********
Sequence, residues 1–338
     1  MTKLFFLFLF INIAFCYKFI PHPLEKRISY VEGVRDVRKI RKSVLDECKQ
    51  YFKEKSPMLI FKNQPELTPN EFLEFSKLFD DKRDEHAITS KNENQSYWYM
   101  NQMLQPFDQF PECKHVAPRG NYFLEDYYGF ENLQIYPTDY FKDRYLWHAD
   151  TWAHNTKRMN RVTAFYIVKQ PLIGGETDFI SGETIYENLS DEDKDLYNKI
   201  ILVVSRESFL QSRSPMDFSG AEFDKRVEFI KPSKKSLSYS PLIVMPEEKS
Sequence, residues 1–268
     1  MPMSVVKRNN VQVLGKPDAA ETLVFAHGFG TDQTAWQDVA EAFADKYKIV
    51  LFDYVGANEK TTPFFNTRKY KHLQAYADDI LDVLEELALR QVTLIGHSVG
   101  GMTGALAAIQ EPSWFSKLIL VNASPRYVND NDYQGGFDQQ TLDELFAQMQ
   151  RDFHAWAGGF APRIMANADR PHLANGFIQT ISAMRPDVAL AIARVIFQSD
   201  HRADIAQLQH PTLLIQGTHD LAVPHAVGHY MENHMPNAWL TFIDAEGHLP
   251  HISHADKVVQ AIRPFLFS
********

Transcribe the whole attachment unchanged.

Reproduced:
Sequence, residues 1–338
     1  MTKLFFLFLF INIAFCYKFI PHPLEKRISY VEGVRDVRKI RKSVLDECKQ
    51  YFKEKSPMLI FKNQPELTPN EFLEFSKLFD DKRDEHAITS KNENQSYWYM
   101  NQMLQPFDQF PECKHVAPRG NYFLEDYYGF ENLQIYPTDY FKDRYLWHAD
   151  TWAHNTKRMN RVTAFYIVKQ PLIGGETDFI SGETIYENLS DEDKDLYNKI
   201  ILVVSRESFL QSRSPMDFSG AEFDKRVEFI KPSKKSLSYS PLIVMPEEKS
Sequence, residues 1–268
     1  MPMSVVKRNN VQVLGKPDAA ETLVFAHGFG TDQTAWQDVA EAFADKYKIV
    51  LFDYVGANEK TTPFFNTRKY KHLQAYADDI LDVLEELALR QVTLIGHSVG
   101  GMTGALAAIQ EPSWFSKLIL VNASPRYVND NDYQGGFDQQ TLDELFAQMQ
   151  RDFHAWAGGF APRIMANADR PHLANGFIQT ISAMRPDVAL AIARVIFQSD
   201  HRADIAQLQH PTLLIQGTHD LAVPHAVGHY MENHMPNAWL TFIDAEGHLP
   251  HISHADKVVQ AIRPFLFS